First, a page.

3.7.264. Zebra puzzle

A constraint that can be used for modelling the zebra puzzle problem. Here is the first known publication of that puzzle quoted in italic from Life International, December 17, 1962:

  1. There are five houses.

  2. The Englishman lives in the red house.

  3. The Spaniard owns the dog.

  4. Coffee is drunk in the green house.

  5. The Ukrainian drinks tea.

  6. The green house is immediately to the right of the ivory house.

  7. The Old Gold smoker owns snails.

  8. Kools are smoked in the yellow house.

  9. Milk is drunk in the middle house.

  10. The Norwegian lives in the first house.

  11. The man who smokes Chesterfields lives in the house next to the man with the fox.

  12. Kools are smoked in the house next to the house where the horse is kept.

  13. The Lucky Strike smoker drinks orange juice.

  14. The Japanese smokes Parliaments.

  15. The Norwegian lives next to the blue house.

Now, who drinks water? Who owns the zebra?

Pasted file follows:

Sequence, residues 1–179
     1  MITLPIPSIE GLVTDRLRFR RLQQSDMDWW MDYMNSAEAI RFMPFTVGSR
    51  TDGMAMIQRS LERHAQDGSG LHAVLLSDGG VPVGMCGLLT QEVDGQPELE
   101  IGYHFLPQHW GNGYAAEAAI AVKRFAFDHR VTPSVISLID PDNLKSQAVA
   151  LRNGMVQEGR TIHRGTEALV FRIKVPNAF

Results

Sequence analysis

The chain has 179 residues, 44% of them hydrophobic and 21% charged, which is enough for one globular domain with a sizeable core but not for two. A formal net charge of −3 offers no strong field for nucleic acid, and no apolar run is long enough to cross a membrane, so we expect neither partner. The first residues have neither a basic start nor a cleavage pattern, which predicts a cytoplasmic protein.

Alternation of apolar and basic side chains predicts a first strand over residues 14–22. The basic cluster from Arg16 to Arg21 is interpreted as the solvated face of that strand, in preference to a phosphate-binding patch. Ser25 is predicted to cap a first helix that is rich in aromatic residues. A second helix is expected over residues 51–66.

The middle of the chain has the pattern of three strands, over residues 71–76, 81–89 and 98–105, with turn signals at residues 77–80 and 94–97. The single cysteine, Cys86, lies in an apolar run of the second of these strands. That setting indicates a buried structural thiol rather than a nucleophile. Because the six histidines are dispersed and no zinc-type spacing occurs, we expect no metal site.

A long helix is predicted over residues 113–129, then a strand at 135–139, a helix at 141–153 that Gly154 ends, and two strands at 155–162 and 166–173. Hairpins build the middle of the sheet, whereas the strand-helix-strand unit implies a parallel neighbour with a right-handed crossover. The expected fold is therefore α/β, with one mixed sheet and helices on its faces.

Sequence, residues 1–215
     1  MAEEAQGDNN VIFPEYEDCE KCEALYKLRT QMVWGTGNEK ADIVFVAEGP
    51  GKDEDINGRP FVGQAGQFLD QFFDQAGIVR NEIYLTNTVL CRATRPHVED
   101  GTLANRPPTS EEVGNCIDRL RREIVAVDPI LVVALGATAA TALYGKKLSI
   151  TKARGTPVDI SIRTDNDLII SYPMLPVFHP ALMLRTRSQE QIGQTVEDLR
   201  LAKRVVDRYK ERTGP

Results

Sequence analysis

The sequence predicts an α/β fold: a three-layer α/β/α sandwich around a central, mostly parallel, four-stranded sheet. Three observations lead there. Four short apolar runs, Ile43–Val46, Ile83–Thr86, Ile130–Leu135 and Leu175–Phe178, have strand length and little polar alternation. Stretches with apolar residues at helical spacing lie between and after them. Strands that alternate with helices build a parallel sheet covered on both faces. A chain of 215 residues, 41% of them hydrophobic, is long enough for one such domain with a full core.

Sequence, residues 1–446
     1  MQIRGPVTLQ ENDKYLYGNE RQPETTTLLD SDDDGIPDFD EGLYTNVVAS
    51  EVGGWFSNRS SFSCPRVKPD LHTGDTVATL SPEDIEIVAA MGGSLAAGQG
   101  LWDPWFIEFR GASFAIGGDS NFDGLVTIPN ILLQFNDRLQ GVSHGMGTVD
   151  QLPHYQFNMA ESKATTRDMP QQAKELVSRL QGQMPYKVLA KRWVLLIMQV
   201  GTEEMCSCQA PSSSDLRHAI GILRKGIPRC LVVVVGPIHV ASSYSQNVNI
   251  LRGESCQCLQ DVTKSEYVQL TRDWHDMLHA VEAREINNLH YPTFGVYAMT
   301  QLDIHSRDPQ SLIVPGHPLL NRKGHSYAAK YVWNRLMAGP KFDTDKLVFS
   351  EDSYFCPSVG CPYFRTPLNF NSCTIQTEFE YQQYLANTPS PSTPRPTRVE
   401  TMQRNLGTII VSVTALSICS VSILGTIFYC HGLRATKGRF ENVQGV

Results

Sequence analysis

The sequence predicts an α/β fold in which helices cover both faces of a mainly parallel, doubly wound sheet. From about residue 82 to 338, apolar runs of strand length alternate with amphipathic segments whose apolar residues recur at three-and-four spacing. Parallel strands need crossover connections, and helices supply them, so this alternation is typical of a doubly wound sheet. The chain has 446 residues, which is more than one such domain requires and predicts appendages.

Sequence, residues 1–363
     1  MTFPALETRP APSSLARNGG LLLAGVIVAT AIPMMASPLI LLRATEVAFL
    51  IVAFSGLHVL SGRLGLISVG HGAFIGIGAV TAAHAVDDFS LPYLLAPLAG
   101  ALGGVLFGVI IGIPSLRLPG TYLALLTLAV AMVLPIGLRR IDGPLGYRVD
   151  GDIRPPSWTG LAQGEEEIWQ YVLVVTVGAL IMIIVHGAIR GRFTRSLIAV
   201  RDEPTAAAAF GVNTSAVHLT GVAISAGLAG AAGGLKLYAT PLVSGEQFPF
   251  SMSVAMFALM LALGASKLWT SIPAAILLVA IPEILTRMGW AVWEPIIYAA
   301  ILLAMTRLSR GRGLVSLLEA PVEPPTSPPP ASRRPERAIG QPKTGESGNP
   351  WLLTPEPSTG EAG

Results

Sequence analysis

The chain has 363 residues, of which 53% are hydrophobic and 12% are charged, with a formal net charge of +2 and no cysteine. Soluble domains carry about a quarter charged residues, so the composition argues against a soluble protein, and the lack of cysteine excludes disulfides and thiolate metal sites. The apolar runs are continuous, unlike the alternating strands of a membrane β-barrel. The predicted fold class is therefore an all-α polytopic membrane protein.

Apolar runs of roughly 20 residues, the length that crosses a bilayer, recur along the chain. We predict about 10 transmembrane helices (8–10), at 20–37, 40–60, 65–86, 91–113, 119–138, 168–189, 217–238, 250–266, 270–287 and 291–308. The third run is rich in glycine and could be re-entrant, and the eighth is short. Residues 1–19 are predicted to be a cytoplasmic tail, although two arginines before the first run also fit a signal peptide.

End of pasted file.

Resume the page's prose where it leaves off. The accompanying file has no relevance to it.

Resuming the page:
In the interest of clarity, it must be added that each of the five houses is painted a different color, and their inhabitants are of different national extractions, own different pets, drink different beverages and smoke different brands of American cigarettes. In statement 6, right refers to the reader's right.

A first model involves πšŽπš•πšŽπš–πšŽπš—πš constraints with variables in their tables (i.e.,Β the table of an πšŽπš•πšŽπš–πšŽπš—πš constraint corresponds to its second argument). It consists of creating for each house i (1≀i≀5) five variables C i , N i , A i , D i , B i respectively corresponding to the colour of house i, the nationality of the person leaving in house i, the preferred pet of the person leaving in house i, the preferred beverage of the person leaving in house i, the preferred brand of American cigarettes of the person leaving in house i. We first state the following five πšŠπš•πš•πšπš’πšπšπšŽπš›πšŽπš—πš constraints on these variables for expressing the fact that colours, nationalities, pets, beverages, and brands of American cigarettes are distinct: